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Englewood, Chatham, Auburn Gresham

Thousands Of Christmas Presents Stolen From Englewood Nonprofit: ‘I’m Still In Shock’

Youth organization Kidz Korna is trying to replace more than $50,000 worth of gifts meant for South Side kids and adults after someone stole the shipping container they were in.

Appliances, costume jewelry, toys and other presents meant for South Side kids and adults are gone after someone stole the 53-foot train where they were stored.
  • Credibility:

ENGLEWOOD — This year’s Christmas gift giveaway was supposed to be one the biggest yet for Delece Williams, founder of youth organization Kidz Korna.

Now, Williams is scrambling to replace thousands of gifts stolen when someone hauled away the massive train container where they were stored in Englewood.

“Nobody expected a professional to come in with the necessary equipment to literally tow the container away,”  Williams said. “I’m still in shock.”

For 15 years, Williams and her team have handed out donated gifts from a 53-foot train container parked in a local lot. Grandmothers would get small space heaters and kitchen appliances, while children would snag dolls and teddy bears. 

Credit: Delece Williams
The costume jewelry Williams hoped to hand out to teenagers this year.

Thanks to a generous donation from a jewelry store, Williams and Sharon Preston, founder of Flags of the Heart, planned to give away more than 10,000 pieces of costume jewelry for teenagers and young moms across 40 blocks. It was going to be one of the first times that teens could get something especially meant for them, Williams said.

Williams noticed the container was gone the afternoon of Nov. 20. She’d received more donations and went to drop them off at the container, which was stored alongside two others in a lot at 6530 S. Parnell Ave., she said. 

But when she arrived, only two of the three containers were there, she said.

“I immediately went to my neighbors because they are normally watching out,” Williams said. “One of the neighbors said they saw it happen on Friday, the day before. He saw someone come up with the necessary equipment. They were out there for a little over an hour, and they took it.” 

The neighbor thought it was Williams moving the container to a new location, so he didn’t think anything was out of the ordinary, she said. 

Officers told Williams to check with various train and railroad stations around the area to see if someone had taken the container by accident, she said. But a chat with CSX Transportation, the company that donated the containers, confirmed Williams’ fears, she said. No one knew what happened to the donations.

The container was 80 percent full and had presents ranging from brand new clothes to dolls and mini-refrigerators tucked inside, Williams said. In total, over $50,000 worth of merchandise was stolen.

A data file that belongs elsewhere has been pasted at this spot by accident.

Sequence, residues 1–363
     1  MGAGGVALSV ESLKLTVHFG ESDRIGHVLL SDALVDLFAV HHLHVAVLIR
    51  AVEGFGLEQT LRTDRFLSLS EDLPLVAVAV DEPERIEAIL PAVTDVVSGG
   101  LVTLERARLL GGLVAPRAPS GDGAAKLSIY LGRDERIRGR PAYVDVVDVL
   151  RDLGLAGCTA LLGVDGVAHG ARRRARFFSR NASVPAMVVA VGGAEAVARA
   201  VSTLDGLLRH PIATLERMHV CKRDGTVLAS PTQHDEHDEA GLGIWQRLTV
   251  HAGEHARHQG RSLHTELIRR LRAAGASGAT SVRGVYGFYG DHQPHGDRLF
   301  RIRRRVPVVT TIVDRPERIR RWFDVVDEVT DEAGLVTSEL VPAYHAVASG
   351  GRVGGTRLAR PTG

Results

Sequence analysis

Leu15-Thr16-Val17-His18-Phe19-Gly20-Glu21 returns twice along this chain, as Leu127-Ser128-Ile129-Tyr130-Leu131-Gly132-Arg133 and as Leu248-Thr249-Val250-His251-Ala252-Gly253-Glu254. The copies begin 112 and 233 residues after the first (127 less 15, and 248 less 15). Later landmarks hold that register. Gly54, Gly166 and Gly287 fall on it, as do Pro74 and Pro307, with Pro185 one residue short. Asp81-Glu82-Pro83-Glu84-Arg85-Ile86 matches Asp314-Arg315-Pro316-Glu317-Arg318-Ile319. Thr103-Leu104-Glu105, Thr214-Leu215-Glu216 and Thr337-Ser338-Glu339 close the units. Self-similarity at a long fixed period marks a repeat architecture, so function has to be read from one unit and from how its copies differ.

“CSX is saddened to learn that a storage container donated to the Kids Korner Foundation has gone missing,” said Cindy Schild, director of media relations. “We are disappointed that someone would take toys intended for needy families in our community. We hope that the stolen property will be recovered and are supporting local law enforcement as they investigate.”

A Chicago Police Department said detectives are investigating the theft.

Local businesses are volunteering to help collect new donations for the gift giveaway. Drop-off sites for replacing the stolen gifts are:

  • U.S. Bank, 815 .W 63rd St., Monday-Friday, 9 a.m.- 5 p.m., Saturday 9 a.m. – 5 p.m.
  • Farley’s House Music Store, 1301 E. 87th St., Monday-Saturday 10 a.m. – 7 p.m., Sunday 10 a.m. – 5 p.m. 

You also can donate to the Kidz Korna here

Credit: Delece Williams
Delece Williams with a neighbor who donated toys.

When Williams founded Kidz Korna in 1994, her mission was to minimize abuse and violence in the community. The goal was to “create something by us to help us,” she said. 

The toy donations were just another source of empowerment that brought joy to the community, she said. She’s hoping she will be able to spread that joy another year and for years to come, she said.

And next year, she hopes to build a fence around the containers, just in case.

“I’m joyful day by day from the support and phone calls that I receive which makes me hopeful,” Williams said. “I try not to think about the missing container. I need my strength so that I can continue. I can’t break down right now because then nothing will happen. After the holidays, hopefully, we’ll get another one. And I’m still hopeful that we still might find the one that that’s missing.” 

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